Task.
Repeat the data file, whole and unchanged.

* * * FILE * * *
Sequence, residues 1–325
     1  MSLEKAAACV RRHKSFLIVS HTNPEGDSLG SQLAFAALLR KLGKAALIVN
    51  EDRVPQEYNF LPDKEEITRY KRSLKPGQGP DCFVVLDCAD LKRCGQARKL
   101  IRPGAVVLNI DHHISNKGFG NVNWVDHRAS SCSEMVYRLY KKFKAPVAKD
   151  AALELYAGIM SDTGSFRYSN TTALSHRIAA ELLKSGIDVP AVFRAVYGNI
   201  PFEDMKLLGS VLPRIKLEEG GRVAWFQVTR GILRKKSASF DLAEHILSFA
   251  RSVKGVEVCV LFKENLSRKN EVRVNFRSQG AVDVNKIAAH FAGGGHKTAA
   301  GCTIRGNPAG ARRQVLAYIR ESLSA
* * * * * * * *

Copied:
Sequence, residues 1–325
     1  MSLEKAAACV RRHKSFLIVS HTNPEGDSLG SQLAFAALLR KLGKAALIVN
    51  EDRVPQEYNF LPDKEEITRY KRSLKPGQGP DCFVVLDCAD LKRCGQARKL
   101  IRPGAVVLNI DHHISNKGFG NVNWVDHRAS SCSEMVYRLY KKFKAPVAKD
   151  AALELYAGIM SDTGSFRYSN TTALSHRIAA ELLKSGIDVP AVFRAVYGNI
   201  PFEDMKLLGS VLPRIKLEEG GRVAWFQVTR GILRKKSASF DLAEHILSFA
   251  RSVKGVEVCV LFKENLSRKN EVRVNFRSQG AVDVNKIAAH FAGGGHKTAA
   301  GCTIRGNPAG ARRQVLAYIR ESLSA